The Volkswagen e-Golf is an interesting piece of electric vehicle history. It was only manufactured during the seventh generation of the iconic Golf nameplate, before any of the ID-badged EVs came to life, making it an almost 10-year-old car.

It also came with a rather small, 24.4-kilowatt-hour (gross) battery pack (a bigger version was introduced in 2017) that enabled an EPA range of just 83 miles, which was only of any real use around town. But after several years of use that include thousands of discharge cycles and hundreds of thousands of miles, can the e-Golf stand its ground as a modern, cost-effective urban runabout?

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One of Volkswagen's first mass-produced EVs goes under the microscope

A used Volkswagen e-Golf with 125,000 miles on the odometer was put to the test to see how much battery capacity it still has after seven years.

That’s what the good people from the Out of Spec Reviews YouTube channel tried to find out using their own money. After buying a 2016 e-Golf with an unknown driving history that probably involved an accident at some point, InsideEVs alumnus Kyle Conner wanted to see how much the battery had degraded after 125,000 miles and over 1,000 discharge cycles.

Gallery: 2018 Volkswagen e-Golf

The car cost just $3,500 and came with a slew of issues like a very worn-out suspension, mismatched tires, and an extensive list of errors showing on the central touchscreen display. It was also a smoker’s car, so the cabin smelled like you’d expect.

Some problems were fixed and others are in the pipeline, including a full suspension rebuild, but I’m going to leave that aside and focus on how the EV stacks up in a real-world range test.

The test started with a top-up to 100% from a DC fast charger. Then, Kyle and his passenger went on a test loop, driving at around 55 miles per hour trying to get the battery as close to zero as possible before plugging into a charger to get to 100% once again.

In the end, they would calculate how many kilowatt hours the car used for the trip and compare it against the value that the EV had when new. But here’s where things get a bit blurry because even though VW touted the e-Golf’s battery as a 24.2-kWh unit, that’s the gross capacity.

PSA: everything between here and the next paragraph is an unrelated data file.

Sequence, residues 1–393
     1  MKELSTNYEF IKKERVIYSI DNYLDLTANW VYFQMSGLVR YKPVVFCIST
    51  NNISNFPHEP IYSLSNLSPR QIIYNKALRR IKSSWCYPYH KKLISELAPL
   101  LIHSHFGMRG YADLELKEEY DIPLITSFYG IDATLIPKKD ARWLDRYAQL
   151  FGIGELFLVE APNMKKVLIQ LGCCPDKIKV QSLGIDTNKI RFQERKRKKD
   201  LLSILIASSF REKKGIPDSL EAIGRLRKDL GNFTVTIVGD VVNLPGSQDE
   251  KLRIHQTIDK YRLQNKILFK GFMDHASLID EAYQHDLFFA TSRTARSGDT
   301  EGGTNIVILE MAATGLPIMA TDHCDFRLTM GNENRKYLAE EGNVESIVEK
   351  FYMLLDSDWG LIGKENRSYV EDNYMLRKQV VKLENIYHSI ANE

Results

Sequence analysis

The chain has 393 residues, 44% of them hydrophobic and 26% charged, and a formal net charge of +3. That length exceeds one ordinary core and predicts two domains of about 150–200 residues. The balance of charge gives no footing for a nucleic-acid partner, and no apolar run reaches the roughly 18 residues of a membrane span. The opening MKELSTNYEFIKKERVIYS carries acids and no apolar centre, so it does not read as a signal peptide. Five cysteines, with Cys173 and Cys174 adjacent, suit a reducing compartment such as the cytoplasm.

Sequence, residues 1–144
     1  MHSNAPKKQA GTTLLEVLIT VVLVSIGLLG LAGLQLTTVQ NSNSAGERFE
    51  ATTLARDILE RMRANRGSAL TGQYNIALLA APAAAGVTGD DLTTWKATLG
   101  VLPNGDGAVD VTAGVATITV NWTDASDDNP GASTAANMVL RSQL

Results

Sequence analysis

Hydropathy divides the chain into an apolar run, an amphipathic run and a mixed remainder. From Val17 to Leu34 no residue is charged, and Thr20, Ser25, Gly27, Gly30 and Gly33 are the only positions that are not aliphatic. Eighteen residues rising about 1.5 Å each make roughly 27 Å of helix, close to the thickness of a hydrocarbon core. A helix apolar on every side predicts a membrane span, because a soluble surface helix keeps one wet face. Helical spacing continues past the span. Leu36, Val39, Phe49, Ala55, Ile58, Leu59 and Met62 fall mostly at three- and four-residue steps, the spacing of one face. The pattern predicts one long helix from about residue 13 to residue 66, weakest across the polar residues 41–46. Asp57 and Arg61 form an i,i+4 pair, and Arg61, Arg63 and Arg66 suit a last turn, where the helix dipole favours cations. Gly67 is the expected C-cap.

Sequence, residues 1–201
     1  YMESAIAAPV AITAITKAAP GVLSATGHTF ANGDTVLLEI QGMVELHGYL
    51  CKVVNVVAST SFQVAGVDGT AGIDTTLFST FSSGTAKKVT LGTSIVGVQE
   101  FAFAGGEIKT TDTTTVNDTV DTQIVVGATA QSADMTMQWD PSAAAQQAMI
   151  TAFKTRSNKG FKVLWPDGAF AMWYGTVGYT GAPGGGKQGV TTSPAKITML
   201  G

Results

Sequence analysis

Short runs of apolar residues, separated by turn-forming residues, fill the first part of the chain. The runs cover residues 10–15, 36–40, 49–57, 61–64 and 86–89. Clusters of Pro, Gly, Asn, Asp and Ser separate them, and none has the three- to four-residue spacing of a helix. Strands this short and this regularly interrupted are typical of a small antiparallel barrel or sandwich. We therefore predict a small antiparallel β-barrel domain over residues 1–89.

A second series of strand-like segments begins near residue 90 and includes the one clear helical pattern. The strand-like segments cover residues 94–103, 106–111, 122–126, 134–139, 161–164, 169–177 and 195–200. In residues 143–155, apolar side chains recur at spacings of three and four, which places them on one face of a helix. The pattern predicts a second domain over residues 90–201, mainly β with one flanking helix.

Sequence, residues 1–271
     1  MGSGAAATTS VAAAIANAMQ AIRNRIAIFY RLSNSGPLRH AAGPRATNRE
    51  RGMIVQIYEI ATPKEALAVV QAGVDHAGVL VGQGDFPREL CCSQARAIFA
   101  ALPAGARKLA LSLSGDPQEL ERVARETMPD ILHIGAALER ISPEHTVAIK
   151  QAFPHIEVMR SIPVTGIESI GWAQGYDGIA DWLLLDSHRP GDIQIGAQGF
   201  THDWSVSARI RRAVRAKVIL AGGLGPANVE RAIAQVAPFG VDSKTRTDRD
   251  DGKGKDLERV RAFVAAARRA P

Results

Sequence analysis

Furthermore, for a result that is as close to reality as possible, it would have been ideal to measure the usable capacity of the battery when the car was new, but that’s out of the question, seeing how the original owner never bothered to do something like this. So, to level out the playing field, Kyle used a value of 20 kWh as a rough estimate of what the EV had originally, a number that he took from fellow YouTuber Bjorn Nyland, who’s known in the electric car community for performing degradation tests.

So, armed with this knowledge, the pair set off with the AC on, the fan set to the lowest speed, and the driving mode set to Eco.

With the car showing 25% capacity, the estimated remaining range was just 10 miles. The driver turned off the AC and reduced the cruising speed to 50 mph at this point so that they could make it to the charging station safely.

A couple more miles later, the e-Golf went into Limited Performance mode. With just 2 miles of range left, it went into limp mode and limited the top speed to less than 50 mph and the acceleration response to what could best be described as almost dead.

That said, the duo made it to the charger successfully with the car showing just 1% SoC remaining. While plugged into the DC charger, Kyle ran the numbers and came up with the following result: 13.84 kWh, or 31% of the battery capacity was lost after 125,000 miles.

In other words, the usable range of this particular e-Golf is now about 40 miles, which is half of the EPA estimate when the car was new. Is this enough to make it a viable daily driver?

Kyle argues that it is, considering he paid just $3,500 for it and that he’s planning on charging it multiple times during the day and driving it around town. The e-Golf is capable of fast charging, albeit at less than 50 kW, so a full charge can be achieved in roughly 30 minutes, making it a reasonably cost-effective way to get around town.

40 miles in 2023 (and soon 2024) from an EV is laughable at first sight, but it goes to show that not everybody needs 500 miles of range every day. As always and as with every car (combustion-powered included), it depends on what the driver needs. 

But what do you think: could you live with an EV that can go less than 50 miles on a full charge? Let us know in the comments below.

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